The Angolan capital Luanda is the most expensive city for corporate expats, according to a study Tuesday which includes three African cities in the top 10 for the first time.
Tokyo is second and Moscow and Geneva are also among the most costly cities in the world. At the other end of the scale Pakistan's second city Karachi is the cheapest, according to consultants Mercer.
In the Middle East, Tel Aviv is the most expensive city in 19th spot followed by Abu Dhabi in 50th place and Dubai in 55th, while Tripoli is the cheapest at 186th, followed by Jeddah and Muscat in 181th and 176th place.
"African cities now figure prominently, reflecting the growing economic importance of the region to global companies across all business sectors," said Nathalie Constantin-Metral, in charge of compiling the annual survey.
After Luanda in first place, the Chadian capital N'Djamena is in third place followed by Libreville in Gabon in seventh place - the biggest number of Africa capitals in a top 10 usually dominated by Asian and European cities.
"Many people assume that cities in the developing world are cheap but this isn't necessarily true for expatriates working there," said Constantin-Metral, saying firms have to provide staff with the same standard of living as at home.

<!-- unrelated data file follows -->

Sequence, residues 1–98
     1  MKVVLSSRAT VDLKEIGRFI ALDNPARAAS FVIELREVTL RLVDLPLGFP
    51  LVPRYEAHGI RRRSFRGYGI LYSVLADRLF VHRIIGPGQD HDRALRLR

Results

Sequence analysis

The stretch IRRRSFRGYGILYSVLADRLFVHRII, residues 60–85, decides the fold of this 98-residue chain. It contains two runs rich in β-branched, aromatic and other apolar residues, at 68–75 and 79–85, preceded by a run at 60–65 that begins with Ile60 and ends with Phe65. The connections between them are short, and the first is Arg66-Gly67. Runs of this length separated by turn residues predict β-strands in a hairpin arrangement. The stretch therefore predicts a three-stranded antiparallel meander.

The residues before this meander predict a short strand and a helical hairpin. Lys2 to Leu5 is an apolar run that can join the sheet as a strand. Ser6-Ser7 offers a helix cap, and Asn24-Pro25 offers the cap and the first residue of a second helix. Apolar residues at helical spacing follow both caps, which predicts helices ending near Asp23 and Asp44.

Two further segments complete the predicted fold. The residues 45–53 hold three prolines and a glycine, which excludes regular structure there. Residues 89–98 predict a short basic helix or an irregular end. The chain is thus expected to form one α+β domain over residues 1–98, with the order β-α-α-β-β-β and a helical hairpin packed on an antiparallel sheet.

Three Asian cities join the African trio in the top 10 - as well as Tokyo in second, Japan is also represented by Osaka in 6th place, while Hong Kong is in 8th position.
Singapore is not far behind in 11th, followed by Beijing in 16th, Nagoya in Japan in 19th, Shanghai in 25th and Taipei in 78th - while in India, Delhi is the most expensive on 85, followed by Mumbai on 89 and Bangalore on 190.
In Australia, Sydney is in 24th spot followed by Melbourne on 33 and Brisbane on 55, while Adelaide is the cheapest on 90th. New Zealand has Auckland on 149th, while Wellington is the cheapest in 163rd spot.
"At the end of 2009 and the beginning of 2010, residential property prices in many Asian countries rose as the economic environment began to stabilise and demand for good expat housing increased," said Constantin-Metral.
"The strengthening of the Australian and New Zealand dollar against the US dollar also made Australian and New Zealand cities more costly for expatriates coming from the US," she added.
Moscow is the most expensive European city in 4th spot, ahead of Geneva in 5th, Zurich in 8th and Copenhagen in 10th, according to the rankings based on a survey conducted in March this year. London is joint 17th with Paris.
The study covers 214 cities across five continents, comparing costs of 200 items including housing, transport, food, clothing, household goods and entertainment.